Can’t Find My Way Home

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“Come down off your throne, and leave your body alone…”
♫ F, G, Gm, D ♫

 

When we’re born we make a contract with God. Some are written in fine quill pens; some in blunt pencil, others in red handprints on a wall.

He was the eldest of 6. The true prodigy; an urban celebrity by age 8. Even in our brilliance, we were all just diluted versions of Him. He was the one my mother truly loved, but who could fault her? He was caring and funny, gentle and kind and wise beyond his years.

Thrust into the role of father at age 13, he was my Hero. The unabashed center of my universe.

My protector; protecting me from the bullies outside and the one inside my home, too; stopping her hand which held a shoe or spatula. Not fast enough to stop the cutting board, he held me tight while they put the stitches in my head.

I run my hand over the bump in my scalp, and feel HIM.

 

“somebody must change…”
♫ F, G, D ♫

 

In high school the Citywide Spelling Bee champion and National Mathlete who performed in Carnegie Hall at age 8 turned rebellious. As those who are put on display so often do.

And the Valedictorian, Senior Class President, Editor-in-Chief of the yearbook wrote an elaborate poem wishing high school ‘farewell.’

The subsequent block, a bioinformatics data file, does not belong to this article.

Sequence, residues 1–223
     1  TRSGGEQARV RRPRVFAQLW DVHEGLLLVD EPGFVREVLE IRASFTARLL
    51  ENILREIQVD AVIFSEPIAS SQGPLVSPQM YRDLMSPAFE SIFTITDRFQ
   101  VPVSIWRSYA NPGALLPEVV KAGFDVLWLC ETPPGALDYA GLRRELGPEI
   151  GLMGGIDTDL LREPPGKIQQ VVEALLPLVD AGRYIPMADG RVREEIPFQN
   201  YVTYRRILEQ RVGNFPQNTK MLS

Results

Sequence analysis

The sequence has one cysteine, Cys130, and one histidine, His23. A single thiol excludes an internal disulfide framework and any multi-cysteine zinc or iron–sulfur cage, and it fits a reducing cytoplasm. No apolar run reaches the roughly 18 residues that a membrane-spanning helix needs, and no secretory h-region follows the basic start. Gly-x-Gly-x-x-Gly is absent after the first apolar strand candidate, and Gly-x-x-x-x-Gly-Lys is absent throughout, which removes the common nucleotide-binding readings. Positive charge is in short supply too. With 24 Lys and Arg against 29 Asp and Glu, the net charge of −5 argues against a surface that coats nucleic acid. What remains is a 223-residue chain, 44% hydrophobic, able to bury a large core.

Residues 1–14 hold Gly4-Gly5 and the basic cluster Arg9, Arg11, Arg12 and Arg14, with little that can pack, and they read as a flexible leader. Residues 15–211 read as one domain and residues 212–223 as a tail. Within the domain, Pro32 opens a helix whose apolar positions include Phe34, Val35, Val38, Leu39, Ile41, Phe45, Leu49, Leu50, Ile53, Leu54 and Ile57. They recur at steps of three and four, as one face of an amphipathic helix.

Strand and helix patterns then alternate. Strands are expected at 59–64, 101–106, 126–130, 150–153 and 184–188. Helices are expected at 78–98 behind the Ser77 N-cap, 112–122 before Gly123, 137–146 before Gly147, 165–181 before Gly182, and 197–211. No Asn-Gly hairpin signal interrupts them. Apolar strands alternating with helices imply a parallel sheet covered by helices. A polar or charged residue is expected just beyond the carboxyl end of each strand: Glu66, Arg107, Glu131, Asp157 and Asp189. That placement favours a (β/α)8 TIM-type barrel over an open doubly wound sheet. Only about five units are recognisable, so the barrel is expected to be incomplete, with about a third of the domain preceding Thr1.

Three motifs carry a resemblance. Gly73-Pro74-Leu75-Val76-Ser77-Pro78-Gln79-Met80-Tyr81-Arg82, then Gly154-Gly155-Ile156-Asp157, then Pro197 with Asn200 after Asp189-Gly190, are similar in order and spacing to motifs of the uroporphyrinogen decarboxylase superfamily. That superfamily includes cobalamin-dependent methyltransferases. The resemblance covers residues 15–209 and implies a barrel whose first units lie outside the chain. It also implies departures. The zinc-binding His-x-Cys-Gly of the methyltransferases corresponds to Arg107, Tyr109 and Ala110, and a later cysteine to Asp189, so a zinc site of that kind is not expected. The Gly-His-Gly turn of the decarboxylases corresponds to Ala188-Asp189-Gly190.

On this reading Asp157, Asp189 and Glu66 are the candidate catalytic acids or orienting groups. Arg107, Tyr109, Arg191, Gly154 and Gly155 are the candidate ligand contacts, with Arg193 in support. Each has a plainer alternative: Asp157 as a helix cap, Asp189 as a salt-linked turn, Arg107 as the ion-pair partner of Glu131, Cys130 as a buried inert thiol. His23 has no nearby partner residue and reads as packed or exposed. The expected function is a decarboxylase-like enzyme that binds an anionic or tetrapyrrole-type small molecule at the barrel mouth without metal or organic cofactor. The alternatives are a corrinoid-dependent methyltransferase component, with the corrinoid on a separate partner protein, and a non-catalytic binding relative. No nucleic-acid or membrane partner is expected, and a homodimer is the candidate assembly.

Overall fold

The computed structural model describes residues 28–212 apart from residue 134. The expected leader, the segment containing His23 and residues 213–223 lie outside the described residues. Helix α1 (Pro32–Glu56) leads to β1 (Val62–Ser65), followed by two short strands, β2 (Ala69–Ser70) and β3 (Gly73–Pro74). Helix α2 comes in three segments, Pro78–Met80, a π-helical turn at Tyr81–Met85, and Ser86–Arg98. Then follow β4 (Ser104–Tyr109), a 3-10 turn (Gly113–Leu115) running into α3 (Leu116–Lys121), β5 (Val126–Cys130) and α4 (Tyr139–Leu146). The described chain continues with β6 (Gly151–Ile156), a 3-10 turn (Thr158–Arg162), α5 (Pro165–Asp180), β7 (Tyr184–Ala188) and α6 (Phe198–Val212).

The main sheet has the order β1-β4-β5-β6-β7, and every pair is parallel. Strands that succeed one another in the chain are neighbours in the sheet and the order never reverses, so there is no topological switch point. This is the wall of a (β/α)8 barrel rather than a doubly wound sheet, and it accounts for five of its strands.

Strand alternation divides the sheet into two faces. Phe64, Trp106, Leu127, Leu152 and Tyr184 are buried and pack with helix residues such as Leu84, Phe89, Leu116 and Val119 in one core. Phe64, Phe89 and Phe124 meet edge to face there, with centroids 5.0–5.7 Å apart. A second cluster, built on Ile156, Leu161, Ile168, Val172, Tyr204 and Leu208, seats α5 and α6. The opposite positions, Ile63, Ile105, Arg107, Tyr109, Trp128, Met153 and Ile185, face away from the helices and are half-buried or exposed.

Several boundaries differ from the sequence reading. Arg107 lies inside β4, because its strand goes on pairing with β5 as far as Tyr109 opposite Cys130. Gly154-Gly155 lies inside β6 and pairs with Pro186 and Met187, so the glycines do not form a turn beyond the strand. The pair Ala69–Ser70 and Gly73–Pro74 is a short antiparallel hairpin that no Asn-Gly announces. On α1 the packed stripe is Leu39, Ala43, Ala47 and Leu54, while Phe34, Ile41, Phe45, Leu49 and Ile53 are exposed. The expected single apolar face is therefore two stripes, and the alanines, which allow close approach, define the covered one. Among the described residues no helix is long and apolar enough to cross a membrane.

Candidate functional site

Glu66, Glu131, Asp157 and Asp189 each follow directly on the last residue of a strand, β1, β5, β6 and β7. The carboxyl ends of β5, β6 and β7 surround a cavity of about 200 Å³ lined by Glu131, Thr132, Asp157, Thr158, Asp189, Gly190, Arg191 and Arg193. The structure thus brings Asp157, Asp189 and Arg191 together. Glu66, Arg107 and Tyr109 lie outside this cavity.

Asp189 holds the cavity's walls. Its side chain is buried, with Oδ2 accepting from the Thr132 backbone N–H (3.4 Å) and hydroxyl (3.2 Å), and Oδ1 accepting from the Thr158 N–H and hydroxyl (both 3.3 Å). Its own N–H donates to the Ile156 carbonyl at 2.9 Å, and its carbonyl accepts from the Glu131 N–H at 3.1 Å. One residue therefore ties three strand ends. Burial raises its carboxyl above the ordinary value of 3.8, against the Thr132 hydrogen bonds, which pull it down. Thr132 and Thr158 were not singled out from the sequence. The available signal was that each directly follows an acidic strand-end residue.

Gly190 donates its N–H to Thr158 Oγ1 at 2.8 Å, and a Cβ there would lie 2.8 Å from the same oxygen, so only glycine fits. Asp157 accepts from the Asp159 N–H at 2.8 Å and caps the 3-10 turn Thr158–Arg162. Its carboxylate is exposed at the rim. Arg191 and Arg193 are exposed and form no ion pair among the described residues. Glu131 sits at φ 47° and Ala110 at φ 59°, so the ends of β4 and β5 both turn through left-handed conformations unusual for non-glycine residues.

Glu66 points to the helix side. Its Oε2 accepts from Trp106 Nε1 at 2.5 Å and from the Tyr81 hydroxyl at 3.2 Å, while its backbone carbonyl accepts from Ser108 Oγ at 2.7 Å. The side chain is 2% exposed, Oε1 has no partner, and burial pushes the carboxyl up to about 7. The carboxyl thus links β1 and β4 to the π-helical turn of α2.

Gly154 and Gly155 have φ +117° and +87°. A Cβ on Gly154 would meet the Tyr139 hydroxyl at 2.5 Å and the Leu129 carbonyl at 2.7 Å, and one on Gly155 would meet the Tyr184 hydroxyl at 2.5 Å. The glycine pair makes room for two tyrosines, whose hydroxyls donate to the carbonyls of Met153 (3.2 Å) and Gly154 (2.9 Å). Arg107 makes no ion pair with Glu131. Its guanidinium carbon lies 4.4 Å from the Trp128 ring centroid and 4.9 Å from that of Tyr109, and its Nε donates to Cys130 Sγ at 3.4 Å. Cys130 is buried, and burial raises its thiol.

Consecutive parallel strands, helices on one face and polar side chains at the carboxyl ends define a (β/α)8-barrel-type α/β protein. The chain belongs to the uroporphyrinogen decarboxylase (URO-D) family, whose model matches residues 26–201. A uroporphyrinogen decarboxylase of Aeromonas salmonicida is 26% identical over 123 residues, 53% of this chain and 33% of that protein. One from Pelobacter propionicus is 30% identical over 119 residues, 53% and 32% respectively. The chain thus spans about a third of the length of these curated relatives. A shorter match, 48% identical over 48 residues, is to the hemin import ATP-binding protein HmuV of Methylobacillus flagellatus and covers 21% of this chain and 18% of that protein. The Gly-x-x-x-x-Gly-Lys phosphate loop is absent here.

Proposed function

The first letter of each sentence spelling out the acrostic:
F-U-C-K    Y-O-U     A-L-L,
and the Golden Boy was banned from graduation. My mother cried and felt betrayed. I laughed and felt – relief.

 

 

Eventually it was time for him to go, though I begged him not to. Hitchhiked to the West Coast to become a musician/actor/writer and landed in Haight Ashbury.

Met some Kind folk from Humboldt County – growers – and became a purveyor of that fine, majestic purple bud.

 

“you are the reason I’ve been waiting for so long, some body holds the key…”
♫ F, G, Gm, D, F, G,D ♫

Came home for my high school graduation. The next day we left for Cali with only backpacks and guitars.
He taught me to hitchhike and the chords to this song, too.

I only strummed the rhythm, and sang the melody; his expert fingers picking the lead, and his voice wrapping around mine in harmonies my brain could never find.

It was my summer of Firsts and never has there been a more magical time. I was enamored of him. It was a summer long House Party; his keen mind and magnificent heart attracted people to him like flies to honey.

He was especially prone to saving the strays. A lost soul with no place to go would always find their way to his couch.

 

 

Years passed and we spoke in 5 hour phone calls and 10 page letters and visits as often as we could.
As he traveled the world; Europe, Africa. Finding himself and when he did, he came home to Los Angeles. Won a spot in the prestigious UCLA screenwriting program and entered college at age 30.

 

 

“Well I’m near the end and I just ain’t got the time…”
♫ G, Am, D ♫

One night the phone rang at 1 am and woke me from a sound sleep; yes, I slept back then.